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Wednesday, November 3, 1999 Published at 23:05 GMT

World: Asia-Pacific

Analysis: Central Asia's Islamic battle

Islamists are fighting for the Fergana Valley

By Eurasia Analyst Malcolm Haslett

Tension has eased slightly in Central Asia since the withdrawal to Tajikistan of the Islamic militants who recently fought a series of battles with the Kyrgyz army, and the release of their last hostages, four Japanese geologists.

Opinions vary as to what was the aim of their incursion into the remote southwest of Kyrgyzstan. The Uzbeks still argue that the Islamist force was made up largely of ethnic Uzbeks and that their aim was clearly to infiltrate Uzbekistan's populous Fergana valley, the most pro-Islamic region of the country.

The Kyrgyz authorities, however, disagree. They think the aim was to turn the mountains in Kyrgyzstan overlooking Fergana into a semi-permanent 'Islamic Zone', from which to spread their influence in all directions.

Whatever the truth, all the Central Asian governments, and Russia, want to prevent it happening again.

Their joint exercises were aimed, it's said, at counteracting 'trans-national terrorism' and ensuring the security of the whole region.

But some of the Central Asian governments clearly want to go further than that.

The Uzbeks in particular would like to strike at the Islamists in their main bases, in the Jirgatol region of north central Tajikistan. The involvement of Tajikistan would be essential if this is to happen.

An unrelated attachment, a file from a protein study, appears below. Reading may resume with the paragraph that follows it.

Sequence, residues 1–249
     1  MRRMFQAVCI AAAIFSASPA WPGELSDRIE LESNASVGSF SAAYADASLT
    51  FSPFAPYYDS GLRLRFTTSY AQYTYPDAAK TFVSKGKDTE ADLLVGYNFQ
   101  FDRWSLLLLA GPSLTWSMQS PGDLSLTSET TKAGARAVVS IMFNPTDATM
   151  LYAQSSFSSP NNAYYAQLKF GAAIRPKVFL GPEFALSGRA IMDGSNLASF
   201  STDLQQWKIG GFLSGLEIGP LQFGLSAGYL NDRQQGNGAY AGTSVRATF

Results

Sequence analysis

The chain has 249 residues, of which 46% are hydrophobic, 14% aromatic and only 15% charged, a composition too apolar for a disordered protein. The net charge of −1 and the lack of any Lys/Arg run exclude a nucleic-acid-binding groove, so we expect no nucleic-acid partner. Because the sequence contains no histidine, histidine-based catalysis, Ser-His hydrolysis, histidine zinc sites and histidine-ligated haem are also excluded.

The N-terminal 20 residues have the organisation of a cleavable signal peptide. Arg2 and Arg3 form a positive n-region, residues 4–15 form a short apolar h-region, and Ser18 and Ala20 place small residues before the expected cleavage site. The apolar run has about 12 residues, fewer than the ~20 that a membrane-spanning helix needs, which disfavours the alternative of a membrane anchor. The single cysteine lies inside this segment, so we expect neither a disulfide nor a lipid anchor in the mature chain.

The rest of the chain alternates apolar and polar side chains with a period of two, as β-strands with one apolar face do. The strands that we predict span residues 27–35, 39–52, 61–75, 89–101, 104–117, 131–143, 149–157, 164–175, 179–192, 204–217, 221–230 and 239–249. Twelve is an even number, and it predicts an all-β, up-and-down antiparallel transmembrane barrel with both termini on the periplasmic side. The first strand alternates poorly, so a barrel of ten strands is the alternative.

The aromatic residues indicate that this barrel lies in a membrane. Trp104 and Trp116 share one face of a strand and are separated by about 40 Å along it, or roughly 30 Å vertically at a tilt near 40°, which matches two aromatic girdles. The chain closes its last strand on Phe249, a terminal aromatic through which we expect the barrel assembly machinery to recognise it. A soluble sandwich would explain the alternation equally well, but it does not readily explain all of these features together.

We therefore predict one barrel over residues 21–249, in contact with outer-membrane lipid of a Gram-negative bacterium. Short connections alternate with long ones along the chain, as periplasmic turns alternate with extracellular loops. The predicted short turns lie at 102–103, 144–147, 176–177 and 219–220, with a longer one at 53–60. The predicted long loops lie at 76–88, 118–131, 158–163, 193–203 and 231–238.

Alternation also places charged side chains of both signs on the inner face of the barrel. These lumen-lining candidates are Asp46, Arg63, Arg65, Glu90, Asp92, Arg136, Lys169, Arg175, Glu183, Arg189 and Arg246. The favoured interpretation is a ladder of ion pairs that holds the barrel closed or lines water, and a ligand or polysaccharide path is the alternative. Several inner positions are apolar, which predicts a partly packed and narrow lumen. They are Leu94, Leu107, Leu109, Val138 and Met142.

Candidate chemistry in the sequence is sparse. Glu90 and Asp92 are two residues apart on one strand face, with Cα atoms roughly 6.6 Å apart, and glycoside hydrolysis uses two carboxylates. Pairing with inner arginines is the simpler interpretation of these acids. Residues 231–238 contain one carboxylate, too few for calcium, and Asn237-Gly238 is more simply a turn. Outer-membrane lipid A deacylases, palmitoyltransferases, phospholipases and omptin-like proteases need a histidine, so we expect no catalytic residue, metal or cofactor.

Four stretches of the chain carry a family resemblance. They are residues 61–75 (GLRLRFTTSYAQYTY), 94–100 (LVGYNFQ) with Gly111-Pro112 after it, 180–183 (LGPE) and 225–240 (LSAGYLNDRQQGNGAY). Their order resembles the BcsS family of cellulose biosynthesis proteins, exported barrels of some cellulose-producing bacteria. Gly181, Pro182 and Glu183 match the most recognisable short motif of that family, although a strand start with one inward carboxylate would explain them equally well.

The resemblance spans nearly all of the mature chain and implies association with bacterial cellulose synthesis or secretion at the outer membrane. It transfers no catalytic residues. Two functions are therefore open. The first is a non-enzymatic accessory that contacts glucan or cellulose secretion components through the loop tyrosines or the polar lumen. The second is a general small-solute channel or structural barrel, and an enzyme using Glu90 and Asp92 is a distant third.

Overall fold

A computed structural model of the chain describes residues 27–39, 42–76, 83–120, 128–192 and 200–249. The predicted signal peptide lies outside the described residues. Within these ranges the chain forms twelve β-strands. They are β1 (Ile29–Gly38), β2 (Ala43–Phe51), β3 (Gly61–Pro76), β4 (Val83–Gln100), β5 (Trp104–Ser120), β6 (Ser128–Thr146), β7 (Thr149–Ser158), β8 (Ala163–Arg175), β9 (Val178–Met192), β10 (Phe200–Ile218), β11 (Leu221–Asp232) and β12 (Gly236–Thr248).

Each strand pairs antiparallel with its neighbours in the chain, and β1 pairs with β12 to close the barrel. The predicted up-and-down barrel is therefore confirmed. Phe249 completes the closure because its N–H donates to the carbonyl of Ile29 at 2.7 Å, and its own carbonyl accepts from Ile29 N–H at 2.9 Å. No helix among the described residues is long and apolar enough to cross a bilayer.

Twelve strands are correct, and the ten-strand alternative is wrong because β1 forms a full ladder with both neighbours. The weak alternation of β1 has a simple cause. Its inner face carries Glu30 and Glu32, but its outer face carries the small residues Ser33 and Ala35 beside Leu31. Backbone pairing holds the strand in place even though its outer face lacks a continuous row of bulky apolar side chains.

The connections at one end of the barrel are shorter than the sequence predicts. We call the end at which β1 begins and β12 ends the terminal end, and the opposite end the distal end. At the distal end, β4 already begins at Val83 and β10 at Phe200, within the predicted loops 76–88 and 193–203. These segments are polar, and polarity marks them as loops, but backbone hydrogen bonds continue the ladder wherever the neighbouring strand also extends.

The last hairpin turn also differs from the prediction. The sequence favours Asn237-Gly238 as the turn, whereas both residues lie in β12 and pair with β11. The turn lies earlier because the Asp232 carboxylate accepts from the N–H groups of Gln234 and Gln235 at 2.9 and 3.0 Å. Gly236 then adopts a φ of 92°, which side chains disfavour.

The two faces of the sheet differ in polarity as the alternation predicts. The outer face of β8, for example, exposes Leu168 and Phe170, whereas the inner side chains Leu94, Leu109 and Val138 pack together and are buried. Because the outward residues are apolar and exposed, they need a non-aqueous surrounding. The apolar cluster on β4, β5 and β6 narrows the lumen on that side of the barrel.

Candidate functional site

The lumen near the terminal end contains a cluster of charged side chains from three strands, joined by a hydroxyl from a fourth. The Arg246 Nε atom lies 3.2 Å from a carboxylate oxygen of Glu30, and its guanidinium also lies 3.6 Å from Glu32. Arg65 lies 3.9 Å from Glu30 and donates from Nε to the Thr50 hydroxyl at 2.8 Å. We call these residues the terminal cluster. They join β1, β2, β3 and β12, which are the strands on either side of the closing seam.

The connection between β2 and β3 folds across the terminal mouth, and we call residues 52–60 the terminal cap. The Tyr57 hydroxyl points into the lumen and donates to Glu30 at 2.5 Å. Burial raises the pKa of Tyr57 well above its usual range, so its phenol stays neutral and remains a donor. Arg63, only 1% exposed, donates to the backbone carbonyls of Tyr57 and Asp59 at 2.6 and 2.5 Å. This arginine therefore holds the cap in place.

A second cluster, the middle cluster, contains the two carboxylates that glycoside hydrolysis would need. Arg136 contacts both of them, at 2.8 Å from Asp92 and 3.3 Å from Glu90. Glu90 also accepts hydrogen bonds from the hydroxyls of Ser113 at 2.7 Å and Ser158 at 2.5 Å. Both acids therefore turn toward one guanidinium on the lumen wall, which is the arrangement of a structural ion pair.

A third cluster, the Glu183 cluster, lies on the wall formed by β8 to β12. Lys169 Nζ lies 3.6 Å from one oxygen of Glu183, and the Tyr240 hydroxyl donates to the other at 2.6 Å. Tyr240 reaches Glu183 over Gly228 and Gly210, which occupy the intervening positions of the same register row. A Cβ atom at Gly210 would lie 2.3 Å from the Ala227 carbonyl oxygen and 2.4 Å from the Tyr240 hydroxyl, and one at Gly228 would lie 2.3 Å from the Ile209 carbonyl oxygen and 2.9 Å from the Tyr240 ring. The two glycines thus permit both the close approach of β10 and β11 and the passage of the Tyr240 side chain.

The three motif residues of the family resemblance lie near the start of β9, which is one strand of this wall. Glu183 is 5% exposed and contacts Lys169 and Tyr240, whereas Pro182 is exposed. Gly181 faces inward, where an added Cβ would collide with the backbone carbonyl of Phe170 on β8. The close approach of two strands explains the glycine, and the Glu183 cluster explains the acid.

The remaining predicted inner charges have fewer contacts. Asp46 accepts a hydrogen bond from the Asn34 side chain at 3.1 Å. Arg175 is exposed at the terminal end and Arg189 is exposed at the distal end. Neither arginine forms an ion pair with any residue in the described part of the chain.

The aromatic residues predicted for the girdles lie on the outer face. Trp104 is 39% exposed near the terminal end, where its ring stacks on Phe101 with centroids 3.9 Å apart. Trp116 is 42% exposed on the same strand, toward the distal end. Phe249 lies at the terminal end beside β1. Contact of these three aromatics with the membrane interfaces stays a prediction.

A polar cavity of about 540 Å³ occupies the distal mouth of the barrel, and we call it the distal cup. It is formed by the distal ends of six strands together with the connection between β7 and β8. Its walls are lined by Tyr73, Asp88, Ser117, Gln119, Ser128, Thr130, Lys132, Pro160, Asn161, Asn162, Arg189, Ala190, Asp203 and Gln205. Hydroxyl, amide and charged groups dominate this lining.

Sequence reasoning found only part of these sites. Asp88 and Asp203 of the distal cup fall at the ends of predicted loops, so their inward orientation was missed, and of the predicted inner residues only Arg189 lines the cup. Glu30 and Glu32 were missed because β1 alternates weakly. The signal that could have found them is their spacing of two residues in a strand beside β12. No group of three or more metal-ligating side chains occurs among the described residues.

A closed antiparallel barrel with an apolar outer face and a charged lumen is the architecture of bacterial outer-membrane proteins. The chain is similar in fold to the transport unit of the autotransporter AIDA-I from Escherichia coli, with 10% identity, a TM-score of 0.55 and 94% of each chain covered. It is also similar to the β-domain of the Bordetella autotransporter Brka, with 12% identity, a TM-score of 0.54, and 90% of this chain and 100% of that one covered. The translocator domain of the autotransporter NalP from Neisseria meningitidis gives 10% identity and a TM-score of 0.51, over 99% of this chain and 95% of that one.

Delicate political balance

But there are problems. First of all, the Tajiks and Uzbeks are not on very good terms - with the Tajik leadership resentful of Uzbekistan's assumption that it can dictate to other countries in the region.

Secondly, Tajik involvement in any strike on Islamists inside Tajikistan threatens to upset the delicate political balance inside that country.

Tajikistan faces presidential elections this Saturday, one of the crucial moments in a long, internationally-sponsored peace process designed to reconcile ex-communists and secularists with Islamists.

Tension has risen sharply there in recent weeks, as opposition candidates - including the Islamic Revival Party candidate, Davlat Usmon - have been barred or withdrawn from the election. This leaves only the ex-communist incumbent, President Rakhmonov, in contention.

Mr Rakhmonov may reckon that if he wins the election on Saturday, however hollow his victory may be, he would have a mandate to act more assertively against the Uzbek and Tajik Islamists in the centre and east of his country.

On the other hand, this would almost certainly jolt his relations with the Islamic opposition in Tajikistan, together with whom he's supposed to be rebuilding the country's unity.

It would certainly make more sense in the long term to try and persuade Tajikistan's more moderate Islamic politicians to curb the excesses of their armed brethren in the hills.

So far, however, they've shown little inclination or ability to do this.

And President Rakhmonov may be under heavy pressure after his re-election, from Russia and Uzbekistan in particular, to allow some sort of 'anti-terrorist' operation, as they see it, on Tajik territory.

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